There are 2 major families of hearing amplification devices: earloops and intra-auricular. In view of the constantly renewed requests from patients requesting a hearing aid that is as discreet as possible, we felt it necessary to discuss what is currently being proposed and, most importantly, what can be expected from it as objectively as possible.
1 – The intra-duct hearing device
It is a hearing aid that is placed in the ear canal. Its vocation is to be discreet, even almost invisible. There are different types:
ITE(In the Ear):
In ear hearing aids suitable for mild to severe hearing loss, its larger size makes it easier to handle.
CIC (Completely In the Canal):
The most discreet of the intra-duct hearing aids, the completely in the canal hearing aids is suitable for most hearing losses. However, it is contraindicated in the case of too narrow ear canals. The user can remove it and put it back at his convenience.
The IIC (Invisible In the Canal) :
Completely invisible, the IIC has a life of one quarter. It is placed by a hearing care professional and is worn 24 hours a day by the user.
2 – The hearing aid behind the ear
It is a hearing aid that is hidden behind the ear of the ear. The earphone output pressed into the ear canal, near the eardrum, flows its corrected amplification successively: in a ear-tube, an elbow, and a tube tip before reaching the ear canal.
There are two types :
The BTE (Behind The Ear):
The behind the ear hearing aid is best-known form of the hearing aid, it is also the most sold (7 to 8 hearing aids out of 10). It consists of two parts: the outline and the ear tip.
The outline is the electronic part of the device, it is placed behind the pavilion of the ear. The ear tip is a molding adapted to the morphology of the ear canal. It allows the maintenance and transmission of sound in the conduit. The two parts are connected thanks to an acoustic tube.
The mini BTE, which is a mini-earloop.
Appeared in 2004, he is more discreet than the earloop. This form is suitable for mild deafness.
Our 4 points of comparison
1 – Discretion
Almost invisible or invisible depending on the diameter of the ear canal, a contraindication is placed in the (rare) cases where, the ear canal being so small, the device can not be introduced.
The miniaturization technology has made mini-contours, more discreet than previous models. In different colors, they marry with the color of the hair. In addition, wearing long hair can make the devices almost invisible. However, short hair, balding, wearing glasses make the invisibility or the pose of the device obsolete.
2 – Performances
We can admit that the more the hearing aid is miniaturized, the less the amplification will be. This approach, however, no longer has any reason to be: the progress of technologies is such that the free choice is now the patient, in almost all cases.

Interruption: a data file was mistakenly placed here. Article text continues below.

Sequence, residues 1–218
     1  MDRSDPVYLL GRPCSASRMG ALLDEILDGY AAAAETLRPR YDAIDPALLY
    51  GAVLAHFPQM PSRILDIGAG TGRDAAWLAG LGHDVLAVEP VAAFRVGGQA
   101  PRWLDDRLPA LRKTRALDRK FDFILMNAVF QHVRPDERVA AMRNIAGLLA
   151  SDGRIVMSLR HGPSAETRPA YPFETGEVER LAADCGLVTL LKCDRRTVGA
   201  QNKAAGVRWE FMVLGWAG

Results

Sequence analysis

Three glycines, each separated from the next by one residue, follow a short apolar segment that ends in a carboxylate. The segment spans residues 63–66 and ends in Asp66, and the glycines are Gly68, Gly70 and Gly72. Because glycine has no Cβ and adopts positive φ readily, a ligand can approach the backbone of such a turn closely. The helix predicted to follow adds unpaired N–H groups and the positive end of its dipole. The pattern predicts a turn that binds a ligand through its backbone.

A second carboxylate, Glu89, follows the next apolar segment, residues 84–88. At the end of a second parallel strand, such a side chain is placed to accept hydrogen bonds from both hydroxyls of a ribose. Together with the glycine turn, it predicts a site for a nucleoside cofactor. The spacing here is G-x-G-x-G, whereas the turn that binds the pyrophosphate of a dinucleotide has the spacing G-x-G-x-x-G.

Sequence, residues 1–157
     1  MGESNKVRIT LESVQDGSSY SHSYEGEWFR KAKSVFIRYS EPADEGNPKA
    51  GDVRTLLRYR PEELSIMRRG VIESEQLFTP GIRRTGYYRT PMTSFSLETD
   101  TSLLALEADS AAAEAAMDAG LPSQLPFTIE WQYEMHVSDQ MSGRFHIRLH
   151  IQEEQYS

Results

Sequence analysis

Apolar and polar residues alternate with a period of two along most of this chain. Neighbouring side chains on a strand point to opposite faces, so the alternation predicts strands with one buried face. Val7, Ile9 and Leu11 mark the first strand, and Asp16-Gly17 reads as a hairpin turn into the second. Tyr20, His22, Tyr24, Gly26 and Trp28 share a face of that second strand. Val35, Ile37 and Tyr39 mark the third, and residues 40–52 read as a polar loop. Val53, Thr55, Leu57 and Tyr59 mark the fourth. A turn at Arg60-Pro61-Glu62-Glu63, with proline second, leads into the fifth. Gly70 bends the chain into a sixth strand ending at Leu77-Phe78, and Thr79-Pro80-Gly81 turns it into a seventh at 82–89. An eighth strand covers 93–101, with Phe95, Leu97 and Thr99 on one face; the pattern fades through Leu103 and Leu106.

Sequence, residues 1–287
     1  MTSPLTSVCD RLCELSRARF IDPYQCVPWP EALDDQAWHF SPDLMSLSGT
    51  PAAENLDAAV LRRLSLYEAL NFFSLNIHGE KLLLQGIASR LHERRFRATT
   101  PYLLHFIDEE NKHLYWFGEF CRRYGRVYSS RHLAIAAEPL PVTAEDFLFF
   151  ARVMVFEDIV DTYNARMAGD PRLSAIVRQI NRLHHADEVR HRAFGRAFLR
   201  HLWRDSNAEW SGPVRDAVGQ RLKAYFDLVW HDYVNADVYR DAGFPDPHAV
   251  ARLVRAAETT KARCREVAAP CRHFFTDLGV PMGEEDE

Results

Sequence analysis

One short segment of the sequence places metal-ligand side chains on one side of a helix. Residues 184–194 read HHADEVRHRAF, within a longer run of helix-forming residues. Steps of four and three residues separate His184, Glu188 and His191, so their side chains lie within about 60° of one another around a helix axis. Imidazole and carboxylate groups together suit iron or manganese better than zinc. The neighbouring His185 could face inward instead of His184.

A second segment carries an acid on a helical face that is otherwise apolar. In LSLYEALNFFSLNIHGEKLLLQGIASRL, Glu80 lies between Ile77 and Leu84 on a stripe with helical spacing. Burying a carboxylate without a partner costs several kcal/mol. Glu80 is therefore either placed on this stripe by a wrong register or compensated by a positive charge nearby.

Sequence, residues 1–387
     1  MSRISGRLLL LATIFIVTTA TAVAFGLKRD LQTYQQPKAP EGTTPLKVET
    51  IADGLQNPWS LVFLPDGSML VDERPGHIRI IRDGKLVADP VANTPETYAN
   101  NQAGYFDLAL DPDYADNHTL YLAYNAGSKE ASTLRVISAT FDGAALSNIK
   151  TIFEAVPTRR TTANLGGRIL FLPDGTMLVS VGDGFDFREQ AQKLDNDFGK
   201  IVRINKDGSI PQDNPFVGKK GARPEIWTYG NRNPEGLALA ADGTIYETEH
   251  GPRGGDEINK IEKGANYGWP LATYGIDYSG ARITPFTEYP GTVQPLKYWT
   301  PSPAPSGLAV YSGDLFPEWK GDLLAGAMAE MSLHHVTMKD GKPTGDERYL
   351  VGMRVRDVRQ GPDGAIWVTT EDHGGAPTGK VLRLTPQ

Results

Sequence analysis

However, when the hearing is very severely affected (severe and profound deafness), the contour remains better adapted.
However, these cases are rare: in fact, 80% of current hearing losses are presbyacousies , mild or average.
The pavilion of the ear plays an indisputable role in hearing: it is known that accidental amputations of the flag cause a decrease in hearing acuity.
The function of the horn is to pick up sounds and focus them at the entrance to the external auditory canal.
This focus is a function of the walls of the auricle and their geometry.
An intra-duct hearing aid benefits from this natural property: the microphone is positioned in the outermost part of the hearing aid and captures a multidirectional sound thanks to a two or three-dimensional input. This input thus transmits a sound coming from several directions and contributes to drafting a stereophonic effect that only the binaural apparatus realizes, giving the auditory orientation.
Its performance is excellent and amplification similar to a contour, the result remains better.
The device is located behind the auricle, which limits its performance.
It captures less sound from an earlier source than does the intra duct.
The earloop allows amplifications larger than the intra ducts and remains for the most severe hearing loss.
3 – Tolerance
Very good with ready-to-wear, because the occlusive tip is made of soft silicone, allowing a painless play of the temporomandibular joint. In the case of customized equipment (with impression), one can sometimes feel a tension in the auditory canal, especially during chewing. Grinding, which slightly modifies the diameter of the ear canal, must then be practiced to avoid this discomfort.
Excellent. The earpiece that enters the ear canal, is a soft silicone tip (tip cone or tulip): it is not embarrassing.
However, the tip remains fragile and can break at the tube-tip junction.
It can also be, sometimes, bad occlusive, giving a shifted sound (digital sound of the device and its naturally perceived without amplification): the tip must then be redone.
4 – Solidity
No particular point of weakness for a compact device.
In elderly patients, the settings (when there is a dedicated dial), the introduction of the device into the ear canal and the change of batteries may be more difficult than with an earloop, because the smaller size of the intra-duct.
Two points of weakness identified:
- Earpiece loss: it is not uncommon, as an ORL, to be asked to remove the “forgotten” tip. This problem seems solved because demand is becoming rarer.
- The lead running through the tube leading to the conduit: a false contact may require a return to the hearing care professional.